We recently announced the Steam on ChromeOS Alpha which allows users to play Steam games on some recent Chromebooks. Over the next few months we’ll be writing a series of blog posts diving into the technology behind it and what that means for developers.
Steam is coming to ChromeOS! ChromeOS users can look forward to playing favorites like Portal 2 locally, and game developers can look forward to a whole new set of players without requiring any changes to their games if it already runs on Linux. A lot of things have had to come together to make this a reality; we’ll start off with an overview of how it all fits together. In this first article, discover why we’re using virtual machine technology to deliver Steam games on ChromeOS, and how we overcame some fundamental hurdles in doing so.
Leveraging virtual machines
Steam on ChromeOS leverages the work we’ve been doing for years with Crostini and ChromeOS’s own virtual machine monitor (VMM), crosvm. Running Steam, and its games, within a VM is the best way to deliver on ChromeOS’s goals of speed, security, and simplicity. Having a clear security boundary allows us to keep our users and their data safe. Games don’t get direct access to a user’s files, host GPU, or host kernel. Instead, separation is maintained by our proven VMM used for Crostini, Android, and Parallels. This provides another layer of security above normal Linux systems.
Building off of Valve’s great work to make games compatible with the Steam Deck, our VM runs a modified version of Arch Linux designed specifically for gaming. This image, codenamed “Borealis”, is automatically kept up to date and updated with each ChromeOS release, ensuring users don’t need to deal with updating drivers or libraries themselves. Because Steam and all of its games are kept within a single VM image, if a user ever needs to uninstall it, they know everything will be removed in a single step, in keeping with ChromeOS’s goal of simplicity.
To guarantee high levels of performance, we have aimed to make the VM invisible to the user – from both an operational and from a performance perspective. crosvm relies upon Linux’s KVM hypervisor and uses paravirtualized virtio-based devices instead of emulation. In order to play the latest games we built Venus, a very low overhead Vulkan virtualization driver, that offers near native performance.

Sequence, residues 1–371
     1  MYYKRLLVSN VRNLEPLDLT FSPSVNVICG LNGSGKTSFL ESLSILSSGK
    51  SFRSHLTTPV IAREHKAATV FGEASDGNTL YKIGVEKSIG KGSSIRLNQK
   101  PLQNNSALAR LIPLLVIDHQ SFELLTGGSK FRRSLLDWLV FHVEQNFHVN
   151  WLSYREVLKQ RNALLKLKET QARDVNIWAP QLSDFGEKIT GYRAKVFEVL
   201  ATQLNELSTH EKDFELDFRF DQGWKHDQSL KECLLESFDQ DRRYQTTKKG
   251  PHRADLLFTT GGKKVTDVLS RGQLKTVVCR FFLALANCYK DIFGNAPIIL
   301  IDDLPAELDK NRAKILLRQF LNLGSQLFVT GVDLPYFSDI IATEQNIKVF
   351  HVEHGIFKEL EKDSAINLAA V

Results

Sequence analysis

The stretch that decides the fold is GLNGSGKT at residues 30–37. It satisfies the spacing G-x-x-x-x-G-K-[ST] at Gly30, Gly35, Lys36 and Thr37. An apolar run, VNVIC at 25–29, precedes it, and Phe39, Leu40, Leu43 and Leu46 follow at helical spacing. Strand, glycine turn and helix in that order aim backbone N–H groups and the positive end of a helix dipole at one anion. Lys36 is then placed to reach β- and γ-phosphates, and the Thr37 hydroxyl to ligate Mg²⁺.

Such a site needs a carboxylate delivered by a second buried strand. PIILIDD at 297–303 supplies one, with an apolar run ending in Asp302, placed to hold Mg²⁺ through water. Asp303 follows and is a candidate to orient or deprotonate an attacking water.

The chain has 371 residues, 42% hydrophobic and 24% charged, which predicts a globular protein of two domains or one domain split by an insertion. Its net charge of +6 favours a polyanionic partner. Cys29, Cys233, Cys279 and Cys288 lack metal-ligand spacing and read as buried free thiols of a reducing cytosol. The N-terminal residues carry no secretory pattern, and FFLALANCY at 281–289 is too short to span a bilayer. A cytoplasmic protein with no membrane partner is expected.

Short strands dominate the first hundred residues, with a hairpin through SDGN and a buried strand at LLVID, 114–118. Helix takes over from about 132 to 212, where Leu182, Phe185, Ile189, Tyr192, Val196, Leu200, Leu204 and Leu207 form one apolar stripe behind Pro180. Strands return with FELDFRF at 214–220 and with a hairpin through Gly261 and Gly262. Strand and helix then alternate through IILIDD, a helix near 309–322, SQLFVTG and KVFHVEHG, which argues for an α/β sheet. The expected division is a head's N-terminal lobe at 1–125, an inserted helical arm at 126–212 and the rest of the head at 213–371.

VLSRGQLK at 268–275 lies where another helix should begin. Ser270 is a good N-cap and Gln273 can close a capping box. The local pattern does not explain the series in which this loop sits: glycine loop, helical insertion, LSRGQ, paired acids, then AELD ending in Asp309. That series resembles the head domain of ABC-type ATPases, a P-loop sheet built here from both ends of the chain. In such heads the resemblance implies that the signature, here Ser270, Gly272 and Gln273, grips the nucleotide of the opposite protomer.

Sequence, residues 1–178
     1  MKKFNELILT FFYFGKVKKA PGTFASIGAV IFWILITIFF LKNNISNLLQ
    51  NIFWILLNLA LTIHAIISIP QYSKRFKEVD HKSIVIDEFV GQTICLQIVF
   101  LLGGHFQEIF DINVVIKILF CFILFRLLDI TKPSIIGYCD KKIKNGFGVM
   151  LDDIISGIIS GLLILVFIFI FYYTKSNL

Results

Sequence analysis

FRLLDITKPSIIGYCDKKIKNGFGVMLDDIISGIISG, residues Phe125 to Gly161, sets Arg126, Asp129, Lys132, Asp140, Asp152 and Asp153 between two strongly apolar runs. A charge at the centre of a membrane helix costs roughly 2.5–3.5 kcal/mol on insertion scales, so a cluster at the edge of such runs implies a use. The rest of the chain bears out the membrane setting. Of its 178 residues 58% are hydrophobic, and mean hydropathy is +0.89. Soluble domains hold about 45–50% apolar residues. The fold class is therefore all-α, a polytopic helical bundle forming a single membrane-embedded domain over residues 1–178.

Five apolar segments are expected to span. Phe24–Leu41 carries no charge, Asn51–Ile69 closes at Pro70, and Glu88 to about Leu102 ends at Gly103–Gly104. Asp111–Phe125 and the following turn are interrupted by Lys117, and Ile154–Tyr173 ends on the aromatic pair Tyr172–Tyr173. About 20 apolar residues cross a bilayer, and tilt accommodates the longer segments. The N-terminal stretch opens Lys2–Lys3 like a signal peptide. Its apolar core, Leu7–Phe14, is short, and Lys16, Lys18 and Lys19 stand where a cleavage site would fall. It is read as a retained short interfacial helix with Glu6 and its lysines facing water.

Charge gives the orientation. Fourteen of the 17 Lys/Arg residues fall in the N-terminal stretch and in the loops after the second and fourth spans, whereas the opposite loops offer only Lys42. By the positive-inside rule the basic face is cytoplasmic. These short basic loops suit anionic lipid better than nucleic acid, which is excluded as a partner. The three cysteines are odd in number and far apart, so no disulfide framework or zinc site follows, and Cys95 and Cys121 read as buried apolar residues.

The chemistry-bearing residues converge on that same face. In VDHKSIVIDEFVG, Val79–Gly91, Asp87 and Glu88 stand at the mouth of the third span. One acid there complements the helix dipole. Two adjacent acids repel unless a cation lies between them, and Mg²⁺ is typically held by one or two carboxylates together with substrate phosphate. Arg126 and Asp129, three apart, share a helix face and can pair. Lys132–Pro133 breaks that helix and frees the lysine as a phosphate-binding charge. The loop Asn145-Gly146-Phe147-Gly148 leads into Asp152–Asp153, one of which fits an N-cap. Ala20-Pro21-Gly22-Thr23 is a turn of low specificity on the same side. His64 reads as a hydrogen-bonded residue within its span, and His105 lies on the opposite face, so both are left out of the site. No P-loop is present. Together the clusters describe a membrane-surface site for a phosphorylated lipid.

Distributing Steam on-demand
Borealis is distributed through ChromeOS’s Downloadable Content (DLC) system, and only downloaded if a user chooses to install Steam. Once installed, the DLC system automatically keeps the VM image up to date with every ChromeOS release. Just like the main ChromeOS image, the DLC payload is fully verified to ensure it hasn’t been tampered with or modified. Finally, since the host OS and the guest OS are updated together, they are fully tested together with each release; there’s never a question of drivers not matching after an OS update.
Borealis vs Crostini
Borealis and Crostini have a lot more in common than they have differences. Both are managed by crosvm and make use of the same ChromeOS kernel. The core graphics and display pipeline remain constant. Applications use Vulkan and OpenGL to render frames via Mesa. Frames are passed to Xwayland, and then to sommelier, our proxying Wayland compositor, and finally to Chrome’s Wayland display server, exo, via the crosvm virtwl device. In general, unless something only makes sense for one application, we have worked hard to keep leveraging the same stack so they can both benefit from any fixes or improvements.
While Borealis and Crostini share a lot of the same technology, they differ in a few key ways. It starts at the user experience. Borealis offers a turnkey experience for ChromeOS users of all technical levels. Crostini, on the other hand, is developer focussed; users are usually pretty comfortable with the command line and installing packages. When Steam on ChromeOS fully launches, users can expect a one-click installation process that they don’t need to maintain instead of manually installing packages and their dependencies. Gamepad support for a wide variety of controllers has also been added, along with support for features such as pointer lock.
In addition to making the user experience more seamless and effortless, Borealis differs under the covers. While Crostini is based on Debian and is run from within a container inside the ChromeOS Termina VM, Borealis is based on Arch Linux running directly as the VM image. Crostini users need to keep their installed packages up-to-date themselves, but Borealis is automatically updated with the packages necessary for proper functionality. This extends to the Borealis VM itself. Because the VM image is mounted read-only with a separate read-write partition for data, system drivers and libraries cannot be accidentally modified, providing greater security and easier updates. This assures users that they are running what we’ve validated. Borealis also ships with a newer version of Mesa that more closely tracks upstream, important since good gameplay relies heavily on great drivers. Finally, we have designed a resource manager which recognizes when users are playing games and optimizes system performance for them. All this is tied together with more extensive testing of games for a great experience with every release.
We’re just getting started, both with these blog posts and the product. We’ll be doing some deep dives on our Steam integration, our Vulkan virtualization story, developing games for ChromeOS, system optimizations, and other topics in the upcoming months. As for Steam on ChromeOS itself, expect to see new devices, new features, better integration and improved performance – and look out for the beta release coming later this year!